Medical Research Council - London Institute of Medical Sciences

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Patchless Bones

A lab model of bone cancer

30 October 2019

Patchless Bones

Less than one percent of cancers are bone cancers and they're especially hard to treat with current therapies. However, finding new treatments is hampered by the lack of a good lab model of bone cancer. Researchers now turn to mice to create one, focusing on molecules in the Hedgehog pathway, which is known to be overactive in bone cancer. The team deleted a gene called Patched 1 (Ptch1), which results in greater activity of the Hedgehog pathway. When they deleted Ptch1 in mature mouse bone cells, no tumours were produced. But when they deleted it in the stem cells that give rise to mature bone cells, they observed bone deformities and tumours shown here by microCT of leg joints (pictured, right) when compared to normal mice (left). The Ptch1-mutant mouse may therefore prove to be a useful model for developing new bone cancer treatments.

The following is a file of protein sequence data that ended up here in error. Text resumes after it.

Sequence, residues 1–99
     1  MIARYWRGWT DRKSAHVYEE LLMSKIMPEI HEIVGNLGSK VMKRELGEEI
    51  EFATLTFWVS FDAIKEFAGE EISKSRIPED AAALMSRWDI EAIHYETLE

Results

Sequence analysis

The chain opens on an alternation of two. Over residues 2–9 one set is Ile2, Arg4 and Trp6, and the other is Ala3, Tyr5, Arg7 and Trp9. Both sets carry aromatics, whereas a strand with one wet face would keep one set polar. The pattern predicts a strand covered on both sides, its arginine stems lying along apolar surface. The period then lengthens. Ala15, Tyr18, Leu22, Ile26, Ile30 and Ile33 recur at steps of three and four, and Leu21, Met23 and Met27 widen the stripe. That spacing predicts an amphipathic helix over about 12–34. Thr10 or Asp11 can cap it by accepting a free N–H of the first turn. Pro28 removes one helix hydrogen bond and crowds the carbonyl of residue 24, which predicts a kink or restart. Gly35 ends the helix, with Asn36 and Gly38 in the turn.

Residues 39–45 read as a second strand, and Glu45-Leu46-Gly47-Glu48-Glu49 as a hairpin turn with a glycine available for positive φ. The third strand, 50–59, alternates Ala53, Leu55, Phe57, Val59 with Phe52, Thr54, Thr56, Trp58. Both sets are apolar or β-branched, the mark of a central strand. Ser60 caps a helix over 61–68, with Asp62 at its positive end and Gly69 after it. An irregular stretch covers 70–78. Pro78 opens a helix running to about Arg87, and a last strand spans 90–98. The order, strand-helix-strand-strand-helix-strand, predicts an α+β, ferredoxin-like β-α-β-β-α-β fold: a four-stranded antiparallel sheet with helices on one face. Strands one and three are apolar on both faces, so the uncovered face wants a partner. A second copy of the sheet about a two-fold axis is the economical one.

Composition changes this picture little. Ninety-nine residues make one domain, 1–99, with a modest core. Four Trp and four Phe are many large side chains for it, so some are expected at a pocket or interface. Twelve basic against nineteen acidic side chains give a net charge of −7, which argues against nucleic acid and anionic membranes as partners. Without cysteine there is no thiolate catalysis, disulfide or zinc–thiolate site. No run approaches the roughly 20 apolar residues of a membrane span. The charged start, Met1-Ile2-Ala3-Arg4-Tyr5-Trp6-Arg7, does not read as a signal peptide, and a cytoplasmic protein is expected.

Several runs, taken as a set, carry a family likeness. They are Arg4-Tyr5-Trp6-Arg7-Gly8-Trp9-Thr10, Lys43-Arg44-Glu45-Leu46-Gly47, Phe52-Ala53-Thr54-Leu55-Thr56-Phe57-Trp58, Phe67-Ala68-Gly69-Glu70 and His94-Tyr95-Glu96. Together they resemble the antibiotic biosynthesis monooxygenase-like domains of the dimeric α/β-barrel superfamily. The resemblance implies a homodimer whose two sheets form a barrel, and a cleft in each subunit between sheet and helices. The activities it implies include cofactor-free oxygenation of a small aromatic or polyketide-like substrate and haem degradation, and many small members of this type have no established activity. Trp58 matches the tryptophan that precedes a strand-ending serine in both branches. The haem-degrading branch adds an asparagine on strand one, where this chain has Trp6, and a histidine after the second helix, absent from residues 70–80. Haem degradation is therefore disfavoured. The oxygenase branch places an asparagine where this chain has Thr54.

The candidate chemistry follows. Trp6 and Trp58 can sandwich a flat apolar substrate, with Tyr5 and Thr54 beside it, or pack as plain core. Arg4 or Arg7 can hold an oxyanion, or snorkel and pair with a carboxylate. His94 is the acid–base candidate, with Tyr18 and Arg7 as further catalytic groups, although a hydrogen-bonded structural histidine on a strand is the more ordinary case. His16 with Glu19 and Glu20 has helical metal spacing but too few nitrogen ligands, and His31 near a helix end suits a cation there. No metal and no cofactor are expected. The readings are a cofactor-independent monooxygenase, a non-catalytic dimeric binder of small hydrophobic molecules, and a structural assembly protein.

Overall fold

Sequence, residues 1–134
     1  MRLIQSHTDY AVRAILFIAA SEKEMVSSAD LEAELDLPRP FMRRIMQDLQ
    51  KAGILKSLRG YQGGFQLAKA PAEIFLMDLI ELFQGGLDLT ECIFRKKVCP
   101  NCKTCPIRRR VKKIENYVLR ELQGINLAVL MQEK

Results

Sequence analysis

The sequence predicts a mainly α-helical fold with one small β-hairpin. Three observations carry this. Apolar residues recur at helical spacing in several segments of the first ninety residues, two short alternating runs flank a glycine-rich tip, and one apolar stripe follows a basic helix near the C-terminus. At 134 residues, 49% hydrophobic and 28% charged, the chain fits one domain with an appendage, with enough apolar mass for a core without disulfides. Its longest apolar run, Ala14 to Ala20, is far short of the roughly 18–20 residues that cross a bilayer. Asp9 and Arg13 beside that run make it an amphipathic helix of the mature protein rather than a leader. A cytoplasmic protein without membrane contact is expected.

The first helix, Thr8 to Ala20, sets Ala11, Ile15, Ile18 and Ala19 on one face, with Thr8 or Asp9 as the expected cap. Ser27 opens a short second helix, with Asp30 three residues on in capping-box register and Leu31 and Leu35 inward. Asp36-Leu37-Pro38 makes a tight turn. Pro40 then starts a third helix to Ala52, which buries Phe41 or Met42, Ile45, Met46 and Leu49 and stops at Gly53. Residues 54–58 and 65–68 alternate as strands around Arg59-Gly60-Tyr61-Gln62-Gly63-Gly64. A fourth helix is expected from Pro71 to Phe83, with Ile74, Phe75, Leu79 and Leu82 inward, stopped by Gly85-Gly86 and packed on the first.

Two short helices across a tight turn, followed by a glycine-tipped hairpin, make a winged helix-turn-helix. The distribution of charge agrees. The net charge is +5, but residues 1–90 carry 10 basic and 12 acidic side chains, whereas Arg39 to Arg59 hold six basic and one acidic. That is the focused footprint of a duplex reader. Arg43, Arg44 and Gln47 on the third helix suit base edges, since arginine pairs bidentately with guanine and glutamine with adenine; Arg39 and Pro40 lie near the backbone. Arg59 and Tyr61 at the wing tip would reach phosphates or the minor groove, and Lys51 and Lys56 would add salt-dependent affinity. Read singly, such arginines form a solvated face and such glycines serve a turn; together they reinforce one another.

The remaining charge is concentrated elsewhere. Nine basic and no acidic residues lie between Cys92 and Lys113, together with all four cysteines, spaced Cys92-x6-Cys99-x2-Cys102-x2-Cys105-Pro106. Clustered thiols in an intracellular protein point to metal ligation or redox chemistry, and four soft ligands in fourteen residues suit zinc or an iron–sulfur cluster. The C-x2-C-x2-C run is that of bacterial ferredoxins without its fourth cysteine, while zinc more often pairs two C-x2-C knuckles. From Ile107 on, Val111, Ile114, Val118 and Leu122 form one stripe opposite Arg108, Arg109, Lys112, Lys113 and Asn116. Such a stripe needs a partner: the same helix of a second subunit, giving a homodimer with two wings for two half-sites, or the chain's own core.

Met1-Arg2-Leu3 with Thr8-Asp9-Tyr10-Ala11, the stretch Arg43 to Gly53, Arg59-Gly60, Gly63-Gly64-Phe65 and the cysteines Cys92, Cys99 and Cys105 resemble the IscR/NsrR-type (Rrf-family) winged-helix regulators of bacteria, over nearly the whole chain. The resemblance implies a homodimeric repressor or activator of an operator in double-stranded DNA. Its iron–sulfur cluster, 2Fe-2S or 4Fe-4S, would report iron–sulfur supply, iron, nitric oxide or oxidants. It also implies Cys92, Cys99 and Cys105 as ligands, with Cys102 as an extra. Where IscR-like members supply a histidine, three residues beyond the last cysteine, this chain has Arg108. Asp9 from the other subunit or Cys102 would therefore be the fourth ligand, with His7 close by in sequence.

Written by Lux Fatimathas

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